Table 1 Share of jobs that can be carried out form home.
Source: Authors’ calculations.2
How many more jobs with limited mobility and safe personal face-to-face contact?
As soon as the most restrictive confinement measures are lifted, it will be possible to carry out a wider range of occupations. In particular, there are jobs involving:
- limited mobility from home and no personal contacts (like veterinarians, animal caretakers, foresters and conservation workers, archivists, jewellers, chemists); and
- limited mobility and infrequent and safe face-to-face contacts (like mechanics, plumbers, electricians, drivers).
Table 2 offers our estimates (obtained using the same methodology, but applied to the measurement of the potential for smart working) for two categories of jobs in addition the type 1 jobs in Table 1. Type 2 jobs can be carried out when relaxing the mobility restriction (but not the personal face-to-face contact restraint). Type 3 jobs are possible when both the mobility and the face-to-face constraint are relaxed (assuming that these contacts are infrequent and interactions can happen at safe distance).
The result of these back-of-the-envelope calculations are sobering… even after allowing for limited face-to-face contact and mobility, the share of ‘safe’ jobs remains below 50% in all countries for which we carried out this exercise.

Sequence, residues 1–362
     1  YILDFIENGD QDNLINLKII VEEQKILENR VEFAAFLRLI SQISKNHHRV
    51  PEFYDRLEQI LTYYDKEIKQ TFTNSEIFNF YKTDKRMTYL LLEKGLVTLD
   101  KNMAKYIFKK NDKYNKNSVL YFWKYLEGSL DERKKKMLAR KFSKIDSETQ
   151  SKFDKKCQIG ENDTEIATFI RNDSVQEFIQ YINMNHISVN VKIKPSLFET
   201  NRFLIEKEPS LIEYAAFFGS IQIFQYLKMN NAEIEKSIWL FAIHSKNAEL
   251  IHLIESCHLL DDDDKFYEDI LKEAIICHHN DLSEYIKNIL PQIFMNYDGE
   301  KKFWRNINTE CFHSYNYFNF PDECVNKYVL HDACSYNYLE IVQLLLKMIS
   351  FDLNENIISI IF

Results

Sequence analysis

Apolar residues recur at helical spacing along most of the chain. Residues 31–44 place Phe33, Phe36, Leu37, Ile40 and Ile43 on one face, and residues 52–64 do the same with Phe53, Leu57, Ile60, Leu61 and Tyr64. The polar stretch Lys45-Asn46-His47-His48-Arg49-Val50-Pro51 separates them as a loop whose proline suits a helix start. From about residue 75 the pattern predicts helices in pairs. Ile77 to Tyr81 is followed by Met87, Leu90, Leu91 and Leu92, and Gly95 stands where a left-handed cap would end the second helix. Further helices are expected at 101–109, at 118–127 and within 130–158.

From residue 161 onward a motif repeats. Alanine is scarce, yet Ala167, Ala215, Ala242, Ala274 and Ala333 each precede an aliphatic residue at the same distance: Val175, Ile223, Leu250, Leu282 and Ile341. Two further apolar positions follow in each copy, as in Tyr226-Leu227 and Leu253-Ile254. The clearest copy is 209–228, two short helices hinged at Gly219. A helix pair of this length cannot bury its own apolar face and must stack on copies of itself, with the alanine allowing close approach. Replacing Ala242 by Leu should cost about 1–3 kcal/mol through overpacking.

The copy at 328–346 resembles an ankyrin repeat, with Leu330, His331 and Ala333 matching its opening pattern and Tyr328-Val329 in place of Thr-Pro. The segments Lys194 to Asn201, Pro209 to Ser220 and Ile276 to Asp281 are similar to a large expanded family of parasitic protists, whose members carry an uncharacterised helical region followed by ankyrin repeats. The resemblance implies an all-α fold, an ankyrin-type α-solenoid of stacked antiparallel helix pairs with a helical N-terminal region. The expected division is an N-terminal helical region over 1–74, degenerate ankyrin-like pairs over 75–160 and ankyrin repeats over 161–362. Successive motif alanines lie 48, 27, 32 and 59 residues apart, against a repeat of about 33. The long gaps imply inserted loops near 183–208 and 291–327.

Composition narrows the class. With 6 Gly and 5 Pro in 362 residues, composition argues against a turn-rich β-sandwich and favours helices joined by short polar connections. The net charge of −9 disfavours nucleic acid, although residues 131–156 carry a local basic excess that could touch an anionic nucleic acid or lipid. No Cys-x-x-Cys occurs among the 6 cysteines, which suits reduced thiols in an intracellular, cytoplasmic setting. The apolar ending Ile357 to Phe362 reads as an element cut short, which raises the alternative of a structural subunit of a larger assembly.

Table 2 Jobs that can be done with further relaxation of containment polices
The result of these back-of-the-envelope calculations are sobering. Overall, even after allowing for limited and face-to-face contact, the share of ‘safe’ jobs remains below 50% in all countries for which we carried out this exercise.
Will the changes required to make jobs ‘safer’ cause large productivity losses?
Even restricting our attention to ‘safe’ jobs, putting people back to work in a world in which COVID-19 has not yet been eradicated will likely require profound changes in the organisation of work. Remote working is one extreme example, which has already been investigated in normal times (e.g. Blinder and Krueger 2013, Bloom et al. 2015, Angelici and Profeta 2020), but also jobs that we categorised as Type 2 or Type 3 will probably need to be carried out differently than before. The impact on productivity, at least in the short-medium term, are likely to be negative, as workers will have to adapt to different ways of working.
While we do not have sufficient information to venture into predicting the evolution of productivity, we can try to get an idea of the distance between the way jobs are organised now and how they should ideally be organised in a world plagued by COVID-19. To do so, we resort to information collected by the OECD Survey of Adult Skills (PIAAC), which contains detailed information on what people actually do in their jobs. We focus on two dimensions that will be at the core of future changes in the organisation of work:
- the frequency of use of ICT devices, and
- the frequency of interactions with other people.
Arguably, workers who are less used to work with ICT equipment and who need to frequently interact with other people will be more at risk of experiencing a decline in productivity. Unfortunately, these data were collected in 2011/12, so they probably underestimate the current frequency of use of ICT devices. This implies that not only our classification of ‘safe’ jobs is a lower bound, but also that our considerations about the impact of productivity are probably pessimistic.